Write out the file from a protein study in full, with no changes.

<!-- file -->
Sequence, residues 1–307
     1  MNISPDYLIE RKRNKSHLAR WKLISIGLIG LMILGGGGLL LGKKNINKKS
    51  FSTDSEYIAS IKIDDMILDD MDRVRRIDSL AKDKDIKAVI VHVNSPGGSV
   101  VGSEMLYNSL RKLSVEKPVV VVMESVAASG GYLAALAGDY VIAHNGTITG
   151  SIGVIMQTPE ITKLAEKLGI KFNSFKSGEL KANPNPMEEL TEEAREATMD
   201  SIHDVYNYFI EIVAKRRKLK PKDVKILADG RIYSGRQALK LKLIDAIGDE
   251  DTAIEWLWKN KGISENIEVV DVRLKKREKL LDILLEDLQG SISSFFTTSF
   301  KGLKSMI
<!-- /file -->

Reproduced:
Sequence, residues 1–307
     1  MNISPDYLIE RKRNKSHLAR WKLISIGLIG LMILGGGGLL LGKKNINKKS
    51  FSTDSEYIAS IKIDDMILDD MDRVRRIDSL AKDKDIKAVI VHVNSPGGSV
   101  VGSEMLYNSL RKLSVEKPVV VVMESVAASG GYLAALAGDY VIAHNGTITG
   151  SIGVIMQTPE ITKLAEKLGI KFNSFKSGEL KANPNPMEEL TEEAREATMD
   201  SIHDVYNYFI EIVAKRRKLK PKDVKILADG RIYSGRQALK LKLIDAIGDE
   251  DTAIEWLWKN KGISENIEVV DVRLKKREKL LDILLEDLQG SISSFFTTSF
   301  KGLKSMI